In one of their educational pamphlets, Agua Sustentable explains the problems that climate change is amplifying in Bolivia and goes on to point out sources of these issues. "The populations of the poorest countries are those who must face the most significant impacts of climate change; having less capacity of mitigation and adaptation to the effects principally provoked by the countries of the North." The pamphlet calls to attention infringements of human rights, and while the main purpose of the literature is to warn citizens of coming challenges, it clearly informs the reader of the injustices imposed by more developed nations as the byproducts of industrialization warm the planet.

While these accusations may seem harsh, I must say that Bolivia is among the few countries that appear to be trying to walk the talk. With the latest government led by President Evo Morales, a constitution legalizing the "rights of Mother Earth" was adopted. This constitution included measures such as "the right to continue vital cycles," and "the right to not be contaminated" as well as more direct statements such as "the right to not be affected by major infrastructure and development projects that disrupt the balance of ecosystems and local communities."

From a handful of conversations with Bolivians about this, I gathered that Morales has a large following, with many citizens excited about the progressive goals of the government (around La Paz we saw graffiti calling for "Evo until 2050"). However, others feel that nothing has really changed, and that the innovative promises have not been fulfilled. It reminded me of a similar situation in Ecuador, where the government-sponsored propaganda billboards seemed to be claiming more triumphs than the citizens I spoke to were seeing. It was an all too familiar occurrence, reminiscent of Obama's "Change" campaign that resulted in far less than was promoted.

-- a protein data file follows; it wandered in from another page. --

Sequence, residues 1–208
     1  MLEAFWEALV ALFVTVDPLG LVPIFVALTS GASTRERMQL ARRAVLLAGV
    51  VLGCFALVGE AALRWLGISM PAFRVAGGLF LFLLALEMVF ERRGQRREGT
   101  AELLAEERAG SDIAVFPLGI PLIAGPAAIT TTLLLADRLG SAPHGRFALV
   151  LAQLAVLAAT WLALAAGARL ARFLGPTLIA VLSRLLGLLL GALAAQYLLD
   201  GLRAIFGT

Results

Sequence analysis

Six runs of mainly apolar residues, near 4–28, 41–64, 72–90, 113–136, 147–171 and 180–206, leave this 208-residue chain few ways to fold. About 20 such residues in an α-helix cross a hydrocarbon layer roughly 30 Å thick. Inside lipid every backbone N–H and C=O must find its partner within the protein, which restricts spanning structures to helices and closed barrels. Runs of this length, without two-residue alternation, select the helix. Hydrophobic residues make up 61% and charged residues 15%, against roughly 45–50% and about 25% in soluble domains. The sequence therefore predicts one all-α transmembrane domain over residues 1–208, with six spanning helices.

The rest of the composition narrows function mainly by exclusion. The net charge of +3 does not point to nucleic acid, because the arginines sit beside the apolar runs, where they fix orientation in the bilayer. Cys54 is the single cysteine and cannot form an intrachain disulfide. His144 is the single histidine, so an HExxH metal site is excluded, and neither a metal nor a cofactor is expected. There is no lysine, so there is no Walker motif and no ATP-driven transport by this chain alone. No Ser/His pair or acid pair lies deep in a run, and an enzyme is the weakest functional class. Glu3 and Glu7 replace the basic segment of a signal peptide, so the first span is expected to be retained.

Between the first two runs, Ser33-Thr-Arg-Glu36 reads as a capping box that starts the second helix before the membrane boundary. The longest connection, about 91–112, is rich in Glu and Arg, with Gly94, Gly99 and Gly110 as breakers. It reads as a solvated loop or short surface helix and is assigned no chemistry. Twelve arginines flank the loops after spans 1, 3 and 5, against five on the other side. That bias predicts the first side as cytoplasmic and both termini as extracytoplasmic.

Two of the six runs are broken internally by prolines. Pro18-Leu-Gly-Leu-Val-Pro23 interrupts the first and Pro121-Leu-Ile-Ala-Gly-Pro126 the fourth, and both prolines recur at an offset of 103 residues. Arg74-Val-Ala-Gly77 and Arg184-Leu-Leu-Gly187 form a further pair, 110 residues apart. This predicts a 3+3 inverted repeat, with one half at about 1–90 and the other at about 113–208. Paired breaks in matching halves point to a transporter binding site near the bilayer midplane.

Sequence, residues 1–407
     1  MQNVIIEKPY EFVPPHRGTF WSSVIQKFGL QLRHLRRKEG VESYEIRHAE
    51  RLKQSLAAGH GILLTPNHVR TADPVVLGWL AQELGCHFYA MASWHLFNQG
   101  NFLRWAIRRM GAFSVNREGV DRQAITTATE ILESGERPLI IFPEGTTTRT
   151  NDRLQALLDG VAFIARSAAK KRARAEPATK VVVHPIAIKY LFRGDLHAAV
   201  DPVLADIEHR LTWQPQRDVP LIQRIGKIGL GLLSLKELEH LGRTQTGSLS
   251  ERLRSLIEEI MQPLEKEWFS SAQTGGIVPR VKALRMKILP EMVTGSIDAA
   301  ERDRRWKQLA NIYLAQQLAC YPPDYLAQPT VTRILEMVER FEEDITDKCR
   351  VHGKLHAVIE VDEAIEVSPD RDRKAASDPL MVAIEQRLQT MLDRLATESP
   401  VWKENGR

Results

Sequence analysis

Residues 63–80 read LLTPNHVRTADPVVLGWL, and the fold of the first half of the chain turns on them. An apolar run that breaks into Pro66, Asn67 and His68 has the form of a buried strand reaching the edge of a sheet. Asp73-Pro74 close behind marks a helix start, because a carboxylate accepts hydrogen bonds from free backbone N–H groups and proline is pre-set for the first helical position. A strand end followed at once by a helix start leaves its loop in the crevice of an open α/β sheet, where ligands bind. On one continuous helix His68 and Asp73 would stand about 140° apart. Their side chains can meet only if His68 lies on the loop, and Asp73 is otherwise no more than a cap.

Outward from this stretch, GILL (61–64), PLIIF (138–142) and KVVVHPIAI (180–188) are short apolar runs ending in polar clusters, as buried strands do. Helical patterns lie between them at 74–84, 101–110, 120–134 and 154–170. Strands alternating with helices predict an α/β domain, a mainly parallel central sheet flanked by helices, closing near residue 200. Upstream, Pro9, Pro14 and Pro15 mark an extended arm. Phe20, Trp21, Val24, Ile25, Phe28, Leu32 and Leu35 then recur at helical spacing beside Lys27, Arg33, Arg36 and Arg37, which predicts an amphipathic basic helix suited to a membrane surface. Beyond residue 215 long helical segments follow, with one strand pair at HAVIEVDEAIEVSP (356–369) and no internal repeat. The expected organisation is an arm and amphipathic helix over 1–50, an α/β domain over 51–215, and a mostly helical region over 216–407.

Though political election games may just be inherently unfulfilling, Bolivia's latest measures are inspiring nonetheless. Though many Bolivians may doubt the capacity of the current government it still seems significant to me that "the rights of Mother Earth" have made it into national law. If nothing else, this act has likely told the people that their government is at least concerned about the environment on which they depend. By putting that kind of language into national law it compels the nation to pay attention, creating conscious citizens. Indeed, an international poll by PewGlobal in 2013 found that 65 percent of Bolivians perceive climate change as a "major threat" while only 7 percent did not think it was a threat. In the United States 40 percent saw the major threat of climate change compared to 20 percent feeling unthreatened.

Agua Sustentable has been working to support the new "right to clean water." The mission of the organization is essentially to be the eyes on the ground for the current law and push for stronger measures, presenting their findings from projects in order to improve the process of updating regulations. By promoting water security and sustainability, they bring abstract words from elected officials to life in the real world. From what I gathered it appears to be a rather slow process, but perhaps that's just the way things of this nature go. The million dollar question is whether or not the legislation system will be able to act quickly enough to be ready for the rate of the climatic change.

With progressive government legislation, combined with groups like Agua Sustentable, Bolivia looks to be on a relatively strong path toward preparation for coming crises. With the current level of accelerated change in many of our planetary systems, each national path will progress and adapt uniquely. Only time will tell which ones will dead end in the sand and which ones will lead to the river.